fbpx DNA profile to solve rhino cases - Centre seeks help from South African tool | Balipara Foundation

DNA profile to solve rhino cases - Centre seeks help from South African tool


Guwahati, March 3: The Union ministry of environment, forests and climate change is creating a database comprising DNA profiles of rhinos in the country to help investigate cases involving poaching and seizure of rhino horns.

The tool, Rhino DNA indexing system (RhoDIS), has proved to be particularly helpful in South Africa and other African nations in arresting and prosecuting poachers.

The veterinary genetics laboratory at the faculty of veterinary science of the University of Pretoria in South Africa developed the tool. It was first used in a rhino poaching case in 2010 in which a Vietnamese citizen was sentenced to 10 years' imprisonment for having horns of poached rhinos in his baggage when he was apprehended at O.R. Tambo International Airport in South Africa.


Official sources said the DNA profile would be developed based on the tissue samples of dead rhinos and those tranquillised for treatment and translocation, from the mucous membrane (that envelopes rhino dung) collected from the field for free ranging rhinos and rhino horns available in the custody of state forest departments.

"The system will help build scientific and irrefutable evidence to investigate cases related to rhino poaching. The DNA profile will provide information about the place of origin of the animal. The database will also be useful in management of rhino population and translocation of rhinos to other sites, using genetic characteristics for analysis," a senior official in the ministry said.

Deputy inspector-general (wildlife) of the ministry S.P. Vashishth issued a letter on RhoDIS to the authorities on February 25. In India, rhinos are found in Assam, West Bengal and Uttar Pradesh.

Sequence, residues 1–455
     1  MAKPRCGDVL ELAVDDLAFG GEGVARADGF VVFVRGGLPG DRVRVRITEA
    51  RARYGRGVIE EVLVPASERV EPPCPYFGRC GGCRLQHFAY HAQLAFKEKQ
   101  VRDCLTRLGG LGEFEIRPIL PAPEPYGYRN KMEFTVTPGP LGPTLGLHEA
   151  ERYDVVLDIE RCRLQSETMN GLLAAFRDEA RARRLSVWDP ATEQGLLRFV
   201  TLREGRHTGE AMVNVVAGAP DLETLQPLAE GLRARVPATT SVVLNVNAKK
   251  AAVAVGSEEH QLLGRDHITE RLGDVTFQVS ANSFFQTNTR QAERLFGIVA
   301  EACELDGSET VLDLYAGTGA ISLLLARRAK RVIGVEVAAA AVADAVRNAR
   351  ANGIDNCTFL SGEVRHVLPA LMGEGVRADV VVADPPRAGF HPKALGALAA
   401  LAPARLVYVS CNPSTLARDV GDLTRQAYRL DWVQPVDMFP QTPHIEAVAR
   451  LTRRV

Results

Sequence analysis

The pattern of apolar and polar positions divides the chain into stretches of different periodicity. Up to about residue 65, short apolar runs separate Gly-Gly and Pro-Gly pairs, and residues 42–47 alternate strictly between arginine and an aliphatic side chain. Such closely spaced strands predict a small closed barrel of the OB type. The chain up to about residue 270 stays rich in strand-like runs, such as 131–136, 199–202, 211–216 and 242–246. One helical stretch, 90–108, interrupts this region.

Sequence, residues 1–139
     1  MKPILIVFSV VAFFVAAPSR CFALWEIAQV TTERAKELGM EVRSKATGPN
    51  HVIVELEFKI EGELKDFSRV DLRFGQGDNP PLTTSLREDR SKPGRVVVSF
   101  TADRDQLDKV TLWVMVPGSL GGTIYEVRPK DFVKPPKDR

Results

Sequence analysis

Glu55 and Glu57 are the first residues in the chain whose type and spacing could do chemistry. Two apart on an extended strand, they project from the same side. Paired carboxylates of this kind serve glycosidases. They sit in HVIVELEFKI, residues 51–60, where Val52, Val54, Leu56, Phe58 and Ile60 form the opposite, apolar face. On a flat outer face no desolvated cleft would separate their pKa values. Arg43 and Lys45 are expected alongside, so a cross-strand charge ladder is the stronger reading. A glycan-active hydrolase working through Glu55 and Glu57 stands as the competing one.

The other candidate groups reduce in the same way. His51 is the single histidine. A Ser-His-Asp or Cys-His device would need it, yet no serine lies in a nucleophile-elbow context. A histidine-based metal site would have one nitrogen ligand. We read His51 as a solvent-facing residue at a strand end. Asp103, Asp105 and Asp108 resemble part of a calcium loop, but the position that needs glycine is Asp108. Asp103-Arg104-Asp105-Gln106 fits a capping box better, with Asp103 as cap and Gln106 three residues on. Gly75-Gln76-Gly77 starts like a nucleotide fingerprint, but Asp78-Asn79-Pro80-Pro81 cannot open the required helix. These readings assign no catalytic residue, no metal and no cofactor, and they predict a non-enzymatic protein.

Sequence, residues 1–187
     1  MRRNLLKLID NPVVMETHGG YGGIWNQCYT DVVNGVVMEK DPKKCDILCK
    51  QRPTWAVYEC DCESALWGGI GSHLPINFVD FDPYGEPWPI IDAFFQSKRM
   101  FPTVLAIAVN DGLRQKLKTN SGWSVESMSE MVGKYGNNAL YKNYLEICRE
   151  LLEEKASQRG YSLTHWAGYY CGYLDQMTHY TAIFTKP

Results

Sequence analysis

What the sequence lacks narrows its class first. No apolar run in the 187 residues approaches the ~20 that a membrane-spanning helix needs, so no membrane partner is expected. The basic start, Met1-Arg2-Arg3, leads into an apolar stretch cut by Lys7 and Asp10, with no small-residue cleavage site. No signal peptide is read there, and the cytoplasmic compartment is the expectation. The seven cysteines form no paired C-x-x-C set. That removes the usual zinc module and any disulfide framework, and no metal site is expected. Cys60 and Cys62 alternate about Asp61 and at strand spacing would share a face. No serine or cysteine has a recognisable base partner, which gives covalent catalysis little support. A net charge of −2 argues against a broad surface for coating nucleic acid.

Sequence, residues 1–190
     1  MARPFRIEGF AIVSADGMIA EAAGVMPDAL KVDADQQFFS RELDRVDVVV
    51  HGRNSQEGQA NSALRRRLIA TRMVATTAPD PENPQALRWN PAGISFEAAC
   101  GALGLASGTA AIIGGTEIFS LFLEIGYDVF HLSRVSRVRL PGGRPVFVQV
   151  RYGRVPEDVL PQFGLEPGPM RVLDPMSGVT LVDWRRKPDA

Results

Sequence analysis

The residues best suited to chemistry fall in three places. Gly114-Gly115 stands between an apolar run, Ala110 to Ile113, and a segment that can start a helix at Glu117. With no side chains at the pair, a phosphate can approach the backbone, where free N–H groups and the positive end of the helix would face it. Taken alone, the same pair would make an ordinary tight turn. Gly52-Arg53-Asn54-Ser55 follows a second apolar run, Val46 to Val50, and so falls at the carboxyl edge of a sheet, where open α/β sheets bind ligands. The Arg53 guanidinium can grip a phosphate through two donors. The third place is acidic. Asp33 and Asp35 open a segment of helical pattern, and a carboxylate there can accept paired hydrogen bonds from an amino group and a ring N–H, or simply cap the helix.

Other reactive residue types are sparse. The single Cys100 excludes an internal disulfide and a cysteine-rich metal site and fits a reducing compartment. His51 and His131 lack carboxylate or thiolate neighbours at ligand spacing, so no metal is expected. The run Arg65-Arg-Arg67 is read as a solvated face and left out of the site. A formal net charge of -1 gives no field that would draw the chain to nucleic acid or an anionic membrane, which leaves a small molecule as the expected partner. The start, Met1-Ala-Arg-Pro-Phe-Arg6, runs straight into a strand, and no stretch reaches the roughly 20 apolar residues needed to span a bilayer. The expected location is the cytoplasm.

Pilot work, based on mucous membrane, will be initiated in Dudhwa National Park in Uttar Pradesh and Pobitora wildlife sanctuary in Assam to finalise methodologies, especially sampling techniques.

The ministry said Wildlife Institute of India (WII) would be the centralised laboratory to generate/develop the DNA profiles from tissue/mucous membrane, store it in the database and prepare wildlife forensic reports.

Initially, the DNA database will be developed from samples collected from zoos/rescue centres. This will also help standardise the methodology for crime investigations. Thereafter, DNA investigation will also be carried out for samples collected from rhinos.

A forest department official said conviction in rhino poaching cases was very low in Assam and it could be improved if efforts were put in the right way. Many offenders in such cases were out on bail and indulging in poaching again.

The ministry said since Aaranyak, a wildlife NGO based in Assam, had gathered experience in developing DNA profiles, it asked the authorities to use the genetic markers developed by them.

The ministry said since WWF-India had taken a lead role in fostering partnership with South African authorities on rhino crime investigations, they would look after the implementation of the RhoDIS programme in the country. The ministry has asked all zoos in the country to collect the samples (tissues, blood and faeces) of rhinos and send them to the genetic laboratory within the next three months.


Nature Video Highlight

EHNF 2018 Rural Futures: Lisa Mills, University of Montana on Asian Elephant Conservation
EHNF 2018 Rural Futures: Lisa Mills, University of Montana on Asian Elephant Conservation
The Story of All of Us
The Story of All of Us
Talk Time with Wasbir Hussain: Lisa Mills
Talk Time with Wasbir Hussain: Lisa Mills
Back to Top

For the latest in the Eastern Himalayas

Latest Event